Talk of a game-changing 'spring offensive' and retaking Crimea is wishful
The recent Pentagon leaks have confirmed what many already suspected — that Ukraine is facing a much more uphill struggle than the Western narrative would have us believe. They have revealed, in particular, severe “deficiencies” in Ukraine’s munition supplies. The country’s units are burning through artillery ammunition at such a lightning-fast pace — some 7,700 shells per day, or roughly one every six seconds, according to a Ukrainian source — that they are outrunning Western manufacturing capacity and have even begun to ration shells. Meanwhile, the Russian military is said to be firing about 20,000 artillery rounds a day — three times as much.
But most alarming is the critical state of Ukraine’s Soviet-era S-300 and Buk air defence systems, which make up 89% of its protection against Russian fighter jets and bombers. According to one of the leaked documents, Ukraine risks running out of missiles and ammunition for such systems — now produced almost exclusively in Russia — within weeks. This would leave Ukraine’s vital sites and infrastructure dangerously exposed to Russian air power. The NASAMS (National Advanced Surface-to-Air Missile System) and IRIS-T air defence batteries supplied by the US, Norway, Canada and Germany are also apparently running low on ammunition.
What this means, according to another document, is that Kyiv’s much-vaunted spring counteroffensive — aimed at retaking Russian-occupied areas (potentially including Crimea) — risks falling “well short” of its goals. The potency of entrenched Russian defences coupled with “enduring Ukrainian deficiencies in training and munitions supplies probably will strain progress and exacerbate casualties during the offensive”, the document says. A likely consequence of the looming air defence crisis is that Ukraine will lose its ability to mass ground forces near the front lines.
In order to support the counteroffensive, earlier this month the Biden administration announced that it would send additional air defence interceptors and munitions as part of a $2.6 billion aid package. The latest air defence technology supplied by NATO includes the US-made Patriot PAC-3 and the Italian-French Aster 30 SAMP/T surface-to-air missile systems, but these are fairly new, meaning that the stocks of ammunition produced for them so far are relatively small, and with the risk of Western production capacity continuing to be outstripped. The Pentagon buys only 230 PAC-3 interceptors a year, while France and Italy have recently signed contracts for the production of 700 Aster missiles which will be delivered in the coming years.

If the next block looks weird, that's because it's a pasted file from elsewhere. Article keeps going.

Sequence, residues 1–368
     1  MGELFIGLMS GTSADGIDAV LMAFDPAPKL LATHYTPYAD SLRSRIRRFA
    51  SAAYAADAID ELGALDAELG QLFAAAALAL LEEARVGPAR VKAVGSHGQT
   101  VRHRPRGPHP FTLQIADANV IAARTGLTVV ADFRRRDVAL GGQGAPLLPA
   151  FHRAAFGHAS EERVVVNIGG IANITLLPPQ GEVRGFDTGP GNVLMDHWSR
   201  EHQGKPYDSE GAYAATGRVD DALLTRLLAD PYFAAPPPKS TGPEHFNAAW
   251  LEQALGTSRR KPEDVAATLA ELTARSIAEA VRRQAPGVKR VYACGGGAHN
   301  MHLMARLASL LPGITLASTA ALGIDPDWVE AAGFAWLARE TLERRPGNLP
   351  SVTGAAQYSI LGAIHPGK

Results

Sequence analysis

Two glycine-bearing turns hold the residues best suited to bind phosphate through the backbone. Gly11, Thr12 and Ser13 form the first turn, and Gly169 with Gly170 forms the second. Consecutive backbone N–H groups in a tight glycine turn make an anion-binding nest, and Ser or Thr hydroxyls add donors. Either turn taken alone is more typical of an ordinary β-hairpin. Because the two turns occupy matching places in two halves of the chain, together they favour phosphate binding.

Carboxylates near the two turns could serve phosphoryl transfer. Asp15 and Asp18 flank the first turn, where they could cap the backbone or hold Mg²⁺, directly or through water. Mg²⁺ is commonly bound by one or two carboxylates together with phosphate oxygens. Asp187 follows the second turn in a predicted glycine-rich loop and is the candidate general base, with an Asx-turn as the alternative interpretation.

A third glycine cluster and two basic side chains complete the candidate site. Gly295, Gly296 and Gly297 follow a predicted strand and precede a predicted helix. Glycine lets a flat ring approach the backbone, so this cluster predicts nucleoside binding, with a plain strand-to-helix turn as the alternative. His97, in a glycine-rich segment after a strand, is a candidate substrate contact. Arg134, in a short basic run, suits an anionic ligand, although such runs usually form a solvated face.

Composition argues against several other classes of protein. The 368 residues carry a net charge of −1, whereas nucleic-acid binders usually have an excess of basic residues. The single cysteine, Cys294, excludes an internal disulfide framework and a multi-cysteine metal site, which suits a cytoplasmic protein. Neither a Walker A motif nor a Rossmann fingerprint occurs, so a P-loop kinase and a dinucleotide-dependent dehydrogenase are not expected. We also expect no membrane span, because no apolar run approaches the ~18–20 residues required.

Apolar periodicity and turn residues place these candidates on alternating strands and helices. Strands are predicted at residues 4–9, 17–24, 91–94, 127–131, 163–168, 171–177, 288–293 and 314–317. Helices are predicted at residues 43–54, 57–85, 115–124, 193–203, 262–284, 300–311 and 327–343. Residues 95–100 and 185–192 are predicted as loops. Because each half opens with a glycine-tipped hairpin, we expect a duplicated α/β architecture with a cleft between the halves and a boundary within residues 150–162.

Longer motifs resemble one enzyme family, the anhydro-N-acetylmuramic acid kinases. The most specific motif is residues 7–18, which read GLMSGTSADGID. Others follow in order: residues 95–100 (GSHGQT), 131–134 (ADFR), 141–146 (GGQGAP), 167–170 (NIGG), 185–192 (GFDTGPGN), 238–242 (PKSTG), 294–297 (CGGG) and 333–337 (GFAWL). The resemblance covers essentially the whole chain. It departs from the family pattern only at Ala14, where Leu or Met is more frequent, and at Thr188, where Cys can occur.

It’s therefore unlikely that these systems will be enough to decisively tilt the balance in favour of Ukraine in the coming counteroffensive. Meanwhile, there have been rumours of growing rifts between Kyiv and Washington over military strategy — with the Americans worrying that Ukraine is expending so much manpower and ammunition in Bakhmut that it could sap their ability to mount a counteroffensive in the spring.
Indeed, according to Politico, “the US has been clear with Kyiv that it cannot fund Ukraine indefinitely at this level. Though backing Ukraine has largely been a bipartisan effort, a small but growing number of Republicans have begun to voice skepticism about the use of American treasure to support Kyiv without an end in sight to a distant war.” And, of course, policy toward Ukraine is likely to change significantly should the Republicans win the White House in the 2024 election.
It seems to be finally dawning on Western commentators that the odds of Ukraine achieving its aim of retaking Crimea and the Donbas, and fully expelling Russian forces, are slim. Continuing to fuel this delusion of a total victory means allowing the destruction and bloodshed to continue to no avail. Ultimately, as Richard Haass and Charles Kupchan write in Foreign Affairs, there is only one way this war ends: through diplomatic negotiations involving Ukrainian territorial concessions in exchange for credible security guarantees. Anyone who claims otherwise is not doing Ukraine any favours.